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Millvale Community Library, Etna church providing free summer lunches

| Wednesday, May 30, 2018, 2:09 p.m.

Children don't stop getting hungry for lunch once the school year ends. Yet, those who receive free or reduced-price cafeteria meals throughout the year are at risk for food insecurity during the summer break, according to the U.S. Department of Agriculture.

The Millvale Community Library, Elfinwild Presbyterian Church and Calvert Memorial Presbyterian Church aim to address the issue through their summer lunch programs.

The library is participating in the federally funded Summer Food Service Program, which provides free, nutritious meals to children 18 years and younger. Since Millvale is a low-income area, children visiting the library for any reason automatically qualify for the meals.

“We don't ask for residency or financial information or anything. We're trying to make it available and trying to get as many kids fed during the summer that we can,” said Lisa Seel, the library's former executive director, who now volunteers to coordinate the program.

She said that, for planning purposes, the library encourages people to register at millvalelibrary.org for the program, but names and number of children are the only required information.

“Kids are very limited with what they have access to, especially if they are kids who have parents who are working during the day or working multiple jobs. They are kind of left to their own devices,” she said.

Local businesses Sprezzatura, Tupelo Honey Teas and Rolling Pepperoni will provide the meals that must require servings of grains, proteins, fruits, vegetables and milk to meet USDA standards. Due to the program's rules, children must eat on the premises.

Seel said the lunches provide a fun way to ensure that kids eat well-balanced meals, without the stigma sometimes associated with the National School Lunch Program.

And what better way to follow lunch than with recess? The library will organize family-friendly afternoon movies, Grant Avenue Pocket Park activities and Society of Children's Book Writers and Illustrators visits to entertain youngsters after they have dined among the books or in the library's backyard.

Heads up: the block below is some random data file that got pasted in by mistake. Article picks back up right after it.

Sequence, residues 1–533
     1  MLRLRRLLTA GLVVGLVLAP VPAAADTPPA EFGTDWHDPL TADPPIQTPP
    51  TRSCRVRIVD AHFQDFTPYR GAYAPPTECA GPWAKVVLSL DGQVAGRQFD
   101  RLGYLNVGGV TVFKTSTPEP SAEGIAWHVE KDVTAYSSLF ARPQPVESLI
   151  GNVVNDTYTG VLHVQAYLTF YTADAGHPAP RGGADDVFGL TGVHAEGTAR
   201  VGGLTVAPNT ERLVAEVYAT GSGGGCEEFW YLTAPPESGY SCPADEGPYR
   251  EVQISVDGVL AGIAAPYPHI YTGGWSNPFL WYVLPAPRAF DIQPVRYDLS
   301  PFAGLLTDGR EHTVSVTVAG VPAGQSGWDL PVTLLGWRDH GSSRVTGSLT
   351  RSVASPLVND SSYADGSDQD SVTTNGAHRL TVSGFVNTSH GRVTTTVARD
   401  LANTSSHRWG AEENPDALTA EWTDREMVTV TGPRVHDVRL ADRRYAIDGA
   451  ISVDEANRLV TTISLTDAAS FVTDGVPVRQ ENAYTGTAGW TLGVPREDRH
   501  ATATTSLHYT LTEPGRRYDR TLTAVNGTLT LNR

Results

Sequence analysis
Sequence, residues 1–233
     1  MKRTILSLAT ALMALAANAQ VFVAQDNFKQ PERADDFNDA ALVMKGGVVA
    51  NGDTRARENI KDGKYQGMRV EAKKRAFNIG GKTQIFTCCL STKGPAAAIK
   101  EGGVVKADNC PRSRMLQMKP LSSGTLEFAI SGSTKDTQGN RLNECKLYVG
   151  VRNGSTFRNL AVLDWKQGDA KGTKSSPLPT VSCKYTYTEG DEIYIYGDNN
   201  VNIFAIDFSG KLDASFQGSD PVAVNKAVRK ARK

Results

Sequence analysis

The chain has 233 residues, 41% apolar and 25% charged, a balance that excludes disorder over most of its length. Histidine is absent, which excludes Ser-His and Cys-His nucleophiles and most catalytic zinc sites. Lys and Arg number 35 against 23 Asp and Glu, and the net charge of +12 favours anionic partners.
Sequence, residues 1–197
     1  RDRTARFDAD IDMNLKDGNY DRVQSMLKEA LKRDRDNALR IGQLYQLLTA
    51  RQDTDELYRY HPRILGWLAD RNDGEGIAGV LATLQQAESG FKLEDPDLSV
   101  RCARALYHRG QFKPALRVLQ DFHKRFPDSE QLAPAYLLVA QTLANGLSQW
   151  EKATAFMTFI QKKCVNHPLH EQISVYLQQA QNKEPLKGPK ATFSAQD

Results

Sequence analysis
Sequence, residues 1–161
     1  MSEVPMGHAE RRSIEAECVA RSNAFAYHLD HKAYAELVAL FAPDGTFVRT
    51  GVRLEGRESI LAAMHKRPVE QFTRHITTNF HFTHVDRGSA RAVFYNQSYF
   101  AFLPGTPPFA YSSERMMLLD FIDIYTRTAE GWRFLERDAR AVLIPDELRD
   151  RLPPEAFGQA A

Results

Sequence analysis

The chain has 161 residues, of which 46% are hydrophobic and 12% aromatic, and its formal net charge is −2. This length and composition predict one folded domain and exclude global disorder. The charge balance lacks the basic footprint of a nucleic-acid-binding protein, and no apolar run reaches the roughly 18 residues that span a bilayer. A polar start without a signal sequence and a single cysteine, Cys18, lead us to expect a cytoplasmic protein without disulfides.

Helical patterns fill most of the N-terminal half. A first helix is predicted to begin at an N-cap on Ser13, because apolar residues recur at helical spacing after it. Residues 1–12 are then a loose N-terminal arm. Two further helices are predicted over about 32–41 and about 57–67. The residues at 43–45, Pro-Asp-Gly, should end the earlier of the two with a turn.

“It's just a chance for kids to really get together with kids over summer that maybe they don't get to see. That's why we want everyone to come down and have lunch with your friends, make a date.”

The Millvale Community Library will receive reimbursement for the meals they provide, according to Seel.

For the first time, Elfinwild Presbyterian Church in Glenshaw and Calvert Memorial Presbyterian Church in Etna are partnering to offer a summer lunch program at the latter church. The program is not affiliated with the federally funded program and is open to anyone, regardless of age.

“I think that we're going to serve the lunch outside the church in Etna so that any passerby is welcome to come and have a meal. We will also offer prayer before a meal and pray over the meal as a way to touch each life,” said Eileen Hughes, an Elfinwild Presbyterian member who will help deliver the prepared meals to Calvert Memorial.

She said that her church will secure food from its meals ministry and Calvert's Bread of Life Food Pantry to offset costs.

Shirley Voller, Calvert clerk, is coordinating the program on her church's end.

The plan is an offshoot of Calvert's after-school program offered in partnership with four area Presbyterian churches, including Elfinwild.

“You're looking at some of these kids whose parents work and they might not get a lunch. So, we decided to reach out and see if we could help,” Voller said.

Hughes stressed the lunch program's importance.

“We're all a community of God and it's so important to love one another and it doesn't just mean love the person that's in your immediate family or in your immediate church. It's the whole community.”

Erica Cebzanov is a Tribune-Review contributor.

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